One of Nielsen’s heuristic principles suggests the designer should “minimize the user’s memory load by making objects, actions, and options visible. The user should not have to remember information from one part of the dialogue to another. Instructions for use of the system should be visible or easily retrievable whenever appropriate.”
Jill Gerhardt-Powal suggests “bringing together lower level data into a higher level summation to reduce cognitive load.” She also states that “display names and labels should be context-dependent, which will improve recall and recognition.” It’s important to be aware that a user seeing an interface for the first time will not have the knowledge and familiarity with the information that the designers do. Repetition of information may seem excessive to a seasoned team but can be essential for new users.
#9 Reliability of Consistency
The use of consistent and standardized elements such as words, situations, and actions to create a cohesive experience.
Humans are drawn to patterns—we use them to make sense of the world. Make patterns within a mobile interface and it becomes a teaching tool for users to learn what to expect and how to interact with the interface design.
“This isn’t a straitjacket or a rule book. Every circumstance is different.” GOV.UK’s Design Principles state that an interface should be consistent, but not uniform. As Jill Gerhardt-Powal echoes, “New information should be presented within familiar frameworks (e.g., schemas, metaphors, everyday terms) so that information is easier to absorb.”
#10 Judicious Redundancy
The constant practice of reflection during the design process in order to ensure the user interface design principles and usability heuristics align with the product’s purpose and user needs.
Jakob Nielsen was the first to admit that it is impossible to present universal specifics for UI design. For instance, two of his heuristic principles could conceivably contradict each other—#6: provide all the information a user needs to make a decision and #8: eliminate anything unnecessary.
It is up to the heuristic evaluator and the design team to determine the best decisions for their unique use cases. If the product is human-centered and built around user needs, the team will be supported by knowing this, and have a strong sense of purpose in making those decisions.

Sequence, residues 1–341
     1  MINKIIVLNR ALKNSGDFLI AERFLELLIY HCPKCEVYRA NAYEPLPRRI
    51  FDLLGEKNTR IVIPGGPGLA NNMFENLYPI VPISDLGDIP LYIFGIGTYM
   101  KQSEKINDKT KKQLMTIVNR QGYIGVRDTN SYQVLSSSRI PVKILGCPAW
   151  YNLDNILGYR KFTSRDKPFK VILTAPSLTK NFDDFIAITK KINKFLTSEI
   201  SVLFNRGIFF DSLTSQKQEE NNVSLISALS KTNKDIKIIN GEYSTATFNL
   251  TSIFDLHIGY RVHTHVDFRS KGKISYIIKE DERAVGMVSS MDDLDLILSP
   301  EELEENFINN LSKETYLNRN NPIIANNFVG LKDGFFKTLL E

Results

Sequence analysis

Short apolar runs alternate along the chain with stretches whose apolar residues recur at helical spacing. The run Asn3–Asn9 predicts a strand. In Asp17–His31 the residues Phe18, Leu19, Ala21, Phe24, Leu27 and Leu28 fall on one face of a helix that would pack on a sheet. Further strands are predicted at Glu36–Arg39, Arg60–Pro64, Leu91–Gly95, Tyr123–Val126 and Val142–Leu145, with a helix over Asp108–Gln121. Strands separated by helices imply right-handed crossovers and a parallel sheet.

Further reading on the Toptal Design Blog:
Understanding the basics
Heuristic principles are used when concise guidelines don’t exist, but overarching ideas can be used to evaluate a system and problem solve for optimal solutions. Due to the lack of specificity in UI and UX design, heuristic methods help efficiently identify problems and make decisions.
The three types of heuristics are availability, representativeness, and anchoring and adjustment. In UX and UI design, availability and representativeness heuristics are used. Nielsen’s heuristic principles help evaluate user interface designs efficiently.
User interface design (UI design) consists of the visual elements of a digital design—button style, font formatting, and colors are a few examples. UI elements are designed after the user experience design is established, which defines the purpose, user flow, and many overarching concepts within a digital product.
The term ‘usability’ refers to the ease of use of a product, most commonly used in reference to digital products. Heuristic evaluations are used to evaluate a product’s usability so a design team can further iterate and improve the user experience.
A heuristic evaluation of user interfaces is an assessment of a digital product’s usability through the UI design. The evaluation uses heuristic principles that focus on universal concepts that were developed over time and have been determined to contribute to a successful user experience.